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European Parliament Backs New Rules For Funding Political Parties

The European Parliament has voted to approve plans to reform the funding arrangements and legal status of European political parties and their affiliated foundations, it was announced Wednesday.

The new rules, informally agreed with European Council, will clarify the finances of these bodies and enhance their European character. A method to monitor compliance and impose penalties for breaches is also part of the deal.

The European Parliament approved the new rules in a 539 to 103 vote with 20 abstentions.

The new rules state that EU political parties (EUPPs) and their affiliated foundations must be established under EU law in order to overcome the obstacles created by the diversity of national legal forms and ensure high standards of transparency and accountability.

The new rules will make it easier for European parties and foundations to generate their own resources by raising the ceiling on donations from EUR 12,000 to EUR 18,000 per donor per year. For donations above EUR 3,000, the donors' names and the corresponding amounts will be publicly disclosed. For amounts between EUR 1,500 and EUR 3,000, the donor's prior consent to publication will be needed.

The legislation states that the European Parliament and an independent authority will be responsible for assessing compliance with the rules.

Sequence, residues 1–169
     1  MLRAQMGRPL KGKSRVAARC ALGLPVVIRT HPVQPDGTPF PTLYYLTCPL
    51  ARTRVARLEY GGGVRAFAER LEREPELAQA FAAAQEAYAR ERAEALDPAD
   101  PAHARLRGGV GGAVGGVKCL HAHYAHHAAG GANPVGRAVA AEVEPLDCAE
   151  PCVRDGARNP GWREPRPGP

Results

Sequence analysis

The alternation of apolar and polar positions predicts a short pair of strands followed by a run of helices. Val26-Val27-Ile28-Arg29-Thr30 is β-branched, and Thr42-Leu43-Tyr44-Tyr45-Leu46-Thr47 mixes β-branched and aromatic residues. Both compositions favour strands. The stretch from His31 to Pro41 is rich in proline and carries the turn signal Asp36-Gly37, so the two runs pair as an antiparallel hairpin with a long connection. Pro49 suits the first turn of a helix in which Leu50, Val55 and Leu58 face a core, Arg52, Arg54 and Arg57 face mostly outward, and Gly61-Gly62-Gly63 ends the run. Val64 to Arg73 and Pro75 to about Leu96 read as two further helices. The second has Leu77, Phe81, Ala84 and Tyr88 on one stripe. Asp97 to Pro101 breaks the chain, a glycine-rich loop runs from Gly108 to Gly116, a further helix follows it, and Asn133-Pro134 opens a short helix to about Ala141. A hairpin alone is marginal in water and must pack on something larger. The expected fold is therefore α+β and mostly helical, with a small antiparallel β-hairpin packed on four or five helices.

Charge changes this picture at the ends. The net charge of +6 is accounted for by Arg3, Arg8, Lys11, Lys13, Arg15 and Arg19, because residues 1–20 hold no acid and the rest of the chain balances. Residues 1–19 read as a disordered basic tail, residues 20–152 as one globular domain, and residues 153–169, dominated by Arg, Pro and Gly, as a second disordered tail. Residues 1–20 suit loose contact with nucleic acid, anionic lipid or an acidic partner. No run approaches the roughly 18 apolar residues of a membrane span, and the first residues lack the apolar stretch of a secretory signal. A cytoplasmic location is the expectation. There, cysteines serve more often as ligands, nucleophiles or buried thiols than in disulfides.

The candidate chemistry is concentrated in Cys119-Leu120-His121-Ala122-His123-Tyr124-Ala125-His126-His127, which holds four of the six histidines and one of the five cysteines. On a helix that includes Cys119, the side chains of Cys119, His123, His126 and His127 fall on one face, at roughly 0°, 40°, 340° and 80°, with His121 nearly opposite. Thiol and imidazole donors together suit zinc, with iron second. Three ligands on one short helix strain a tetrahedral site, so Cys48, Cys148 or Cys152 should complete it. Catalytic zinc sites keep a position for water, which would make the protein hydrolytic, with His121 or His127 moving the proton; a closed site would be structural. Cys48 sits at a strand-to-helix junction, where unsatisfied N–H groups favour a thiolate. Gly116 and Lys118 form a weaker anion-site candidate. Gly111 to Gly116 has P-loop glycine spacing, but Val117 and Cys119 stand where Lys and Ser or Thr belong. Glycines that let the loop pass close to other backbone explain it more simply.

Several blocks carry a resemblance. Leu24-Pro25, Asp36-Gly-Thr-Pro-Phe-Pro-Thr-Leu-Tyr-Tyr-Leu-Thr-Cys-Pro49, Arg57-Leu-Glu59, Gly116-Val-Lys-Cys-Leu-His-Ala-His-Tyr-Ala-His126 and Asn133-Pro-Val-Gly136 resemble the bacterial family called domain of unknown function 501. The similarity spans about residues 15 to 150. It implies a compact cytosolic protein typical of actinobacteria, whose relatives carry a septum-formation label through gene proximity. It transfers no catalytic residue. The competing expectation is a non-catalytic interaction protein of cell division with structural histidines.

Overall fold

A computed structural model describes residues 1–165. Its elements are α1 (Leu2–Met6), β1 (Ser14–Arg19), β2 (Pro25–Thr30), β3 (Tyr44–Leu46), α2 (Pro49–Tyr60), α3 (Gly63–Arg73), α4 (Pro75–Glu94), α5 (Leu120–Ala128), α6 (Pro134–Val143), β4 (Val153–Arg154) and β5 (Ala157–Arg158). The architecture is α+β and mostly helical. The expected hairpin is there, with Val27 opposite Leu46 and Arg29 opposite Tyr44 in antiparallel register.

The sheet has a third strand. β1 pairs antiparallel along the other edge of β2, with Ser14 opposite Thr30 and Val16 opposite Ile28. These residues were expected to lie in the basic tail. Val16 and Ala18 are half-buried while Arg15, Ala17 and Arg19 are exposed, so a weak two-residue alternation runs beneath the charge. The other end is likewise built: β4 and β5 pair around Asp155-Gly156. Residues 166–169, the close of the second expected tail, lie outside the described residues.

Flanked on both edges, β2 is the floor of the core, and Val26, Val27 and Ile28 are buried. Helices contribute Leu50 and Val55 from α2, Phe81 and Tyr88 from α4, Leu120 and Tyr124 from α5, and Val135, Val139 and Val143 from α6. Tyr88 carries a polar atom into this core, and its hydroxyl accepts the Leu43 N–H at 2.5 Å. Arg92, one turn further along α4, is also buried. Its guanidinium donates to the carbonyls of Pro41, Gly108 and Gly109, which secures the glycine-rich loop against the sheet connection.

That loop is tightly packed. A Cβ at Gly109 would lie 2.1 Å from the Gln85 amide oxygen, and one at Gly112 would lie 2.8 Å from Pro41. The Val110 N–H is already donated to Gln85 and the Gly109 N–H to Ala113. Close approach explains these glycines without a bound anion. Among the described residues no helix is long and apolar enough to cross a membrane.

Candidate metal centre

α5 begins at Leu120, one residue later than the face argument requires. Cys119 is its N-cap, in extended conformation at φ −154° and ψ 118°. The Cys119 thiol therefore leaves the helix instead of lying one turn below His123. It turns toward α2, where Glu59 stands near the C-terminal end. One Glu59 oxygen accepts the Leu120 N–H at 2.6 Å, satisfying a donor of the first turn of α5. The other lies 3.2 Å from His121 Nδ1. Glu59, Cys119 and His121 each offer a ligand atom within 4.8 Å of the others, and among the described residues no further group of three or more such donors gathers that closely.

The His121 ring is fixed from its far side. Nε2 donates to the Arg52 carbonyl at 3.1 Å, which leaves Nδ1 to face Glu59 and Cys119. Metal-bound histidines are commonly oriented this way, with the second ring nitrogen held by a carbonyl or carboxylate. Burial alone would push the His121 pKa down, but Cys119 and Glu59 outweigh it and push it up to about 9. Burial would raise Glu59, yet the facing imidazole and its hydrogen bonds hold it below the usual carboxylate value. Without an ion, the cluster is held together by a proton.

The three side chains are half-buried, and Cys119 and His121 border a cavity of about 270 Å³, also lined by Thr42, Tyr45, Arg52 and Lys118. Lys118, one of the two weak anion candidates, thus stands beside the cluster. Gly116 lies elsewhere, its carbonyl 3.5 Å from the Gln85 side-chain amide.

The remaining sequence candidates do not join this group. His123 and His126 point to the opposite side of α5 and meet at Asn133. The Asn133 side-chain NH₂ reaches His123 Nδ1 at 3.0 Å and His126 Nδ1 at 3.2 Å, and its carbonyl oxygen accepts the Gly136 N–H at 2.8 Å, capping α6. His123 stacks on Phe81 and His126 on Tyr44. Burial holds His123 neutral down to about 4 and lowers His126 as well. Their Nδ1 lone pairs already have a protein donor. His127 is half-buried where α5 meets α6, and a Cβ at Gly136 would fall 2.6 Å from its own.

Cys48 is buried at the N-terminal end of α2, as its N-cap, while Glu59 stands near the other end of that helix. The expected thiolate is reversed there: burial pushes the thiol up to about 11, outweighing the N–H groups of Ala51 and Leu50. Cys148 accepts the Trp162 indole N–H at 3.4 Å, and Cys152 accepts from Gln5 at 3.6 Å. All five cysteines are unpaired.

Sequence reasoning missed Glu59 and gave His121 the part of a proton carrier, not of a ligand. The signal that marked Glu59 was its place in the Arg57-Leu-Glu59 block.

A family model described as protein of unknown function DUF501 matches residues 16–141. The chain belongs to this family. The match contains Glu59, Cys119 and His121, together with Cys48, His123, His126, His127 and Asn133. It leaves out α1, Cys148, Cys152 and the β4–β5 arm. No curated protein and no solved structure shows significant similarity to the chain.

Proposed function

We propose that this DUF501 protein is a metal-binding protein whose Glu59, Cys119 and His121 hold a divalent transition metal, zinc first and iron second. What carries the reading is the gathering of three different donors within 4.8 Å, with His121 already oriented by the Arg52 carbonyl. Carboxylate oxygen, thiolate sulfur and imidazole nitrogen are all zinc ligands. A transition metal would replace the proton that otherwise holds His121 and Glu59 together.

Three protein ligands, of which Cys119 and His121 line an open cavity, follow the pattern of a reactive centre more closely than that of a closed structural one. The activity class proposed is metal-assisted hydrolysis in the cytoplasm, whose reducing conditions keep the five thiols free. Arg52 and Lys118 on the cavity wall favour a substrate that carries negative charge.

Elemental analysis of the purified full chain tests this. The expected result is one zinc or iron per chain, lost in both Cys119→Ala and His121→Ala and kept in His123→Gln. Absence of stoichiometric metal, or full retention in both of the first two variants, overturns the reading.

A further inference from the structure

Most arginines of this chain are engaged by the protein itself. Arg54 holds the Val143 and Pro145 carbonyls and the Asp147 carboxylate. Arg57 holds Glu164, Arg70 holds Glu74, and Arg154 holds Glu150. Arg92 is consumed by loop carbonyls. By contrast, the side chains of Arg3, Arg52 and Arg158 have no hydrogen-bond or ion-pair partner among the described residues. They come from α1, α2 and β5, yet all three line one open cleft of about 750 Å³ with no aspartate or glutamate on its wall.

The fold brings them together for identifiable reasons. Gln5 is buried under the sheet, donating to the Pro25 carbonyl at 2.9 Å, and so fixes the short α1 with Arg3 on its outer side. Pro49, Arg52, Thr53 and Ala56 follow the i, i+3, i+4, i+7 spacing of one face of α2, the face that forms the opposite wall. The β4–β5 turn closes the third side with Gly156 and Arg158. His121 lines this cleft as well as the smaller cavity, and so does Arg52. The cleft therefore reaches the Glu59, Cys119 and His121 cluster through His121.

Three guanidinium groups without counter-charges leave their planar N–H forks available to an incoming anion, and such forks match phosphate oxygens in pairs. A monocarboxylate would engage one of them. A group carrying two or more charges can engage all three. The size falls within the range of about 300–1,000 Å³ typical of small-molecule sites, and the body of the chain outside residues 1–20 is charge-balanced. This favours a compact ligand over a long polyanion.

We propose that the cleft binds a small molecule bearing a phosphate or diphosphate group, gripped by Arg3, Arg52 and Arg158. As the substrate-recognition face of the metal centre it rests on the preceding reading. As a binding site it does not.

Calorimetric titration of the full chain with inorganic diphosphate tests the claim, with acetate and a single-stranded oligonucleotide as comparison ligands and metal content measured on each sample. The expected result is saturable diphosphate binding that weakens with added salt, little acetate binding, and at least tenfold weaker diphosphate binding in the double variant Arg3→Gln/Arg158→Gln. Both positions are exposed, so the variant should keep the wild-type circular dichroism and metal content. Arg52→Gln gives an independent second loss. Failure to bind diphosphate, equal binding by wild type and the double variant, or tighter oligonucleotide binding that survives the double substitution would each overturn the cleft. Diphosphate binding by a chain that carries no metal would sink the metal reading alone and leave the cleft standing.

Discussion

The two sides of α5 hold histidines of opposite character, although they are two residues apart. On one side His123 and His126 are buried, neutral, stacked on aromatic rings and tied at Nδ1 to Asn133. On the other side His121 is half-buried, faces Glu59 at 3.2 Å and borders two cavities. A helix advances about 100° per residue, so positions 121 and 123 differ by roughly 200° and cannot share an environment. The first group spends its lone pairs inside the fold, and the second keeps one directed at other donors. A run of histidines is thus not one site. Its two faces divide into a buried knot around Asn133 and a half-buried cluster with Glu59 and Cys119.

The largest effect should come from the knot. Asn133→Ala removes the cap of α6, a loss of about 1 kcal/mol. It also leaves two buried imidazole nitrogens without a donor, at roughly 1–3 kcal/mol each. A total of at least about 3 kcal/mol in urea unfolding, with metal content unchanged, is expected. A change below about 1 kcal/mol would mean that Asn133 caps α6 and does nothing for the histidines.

The authority, chosen by the three EU institutions, will be in sole charge of verifying compliance with the rules on registration and deciding on the de-registration of an EEUP. It will also deal with other requirements relating to non-EU funds (i.e. donations and contributions).

If the rules are infringed, the authority will ask for corrective measures, failing which it will be able to impose penalties in the form of fines and, as a last resort, de-registration, which would exclude the party from funding.

Parliament would impose penalties for misuse of EU funding, like in cases such as failure to comply with reporting and transparency requirements or of criminal conviction.

Respecting EU values, as spelled out in the EU Treaty, will be a precondition for any alliance of national parties wishing to apply for EU legal status and funds. To access EU funds, an EEUP will also have to have at least one elected MEP.

Where compliance with EU values is in doubt, the authority will carry out a check and, after seeking the opinion of a committee of "independent eminent persons," could decide to de-register the party in question.

The Authority could decide to de-register an EEUP only in the event of a serious breach and never within the two months preceding European elections. The decision would be applicable provided the European Parliament and the Council did not object and it could be subject to appeal in the Court of Justice.

The European status would not entitle an EUPP to nominate candidates for national or European elections or to participate in referendum campaigns. These issues remain a national competence of the member states.

The agreement still needs to be formally endorsed by the European Council. If that step is also completed successfully, the new regulation is scheduled to apply from January 1, 2017.

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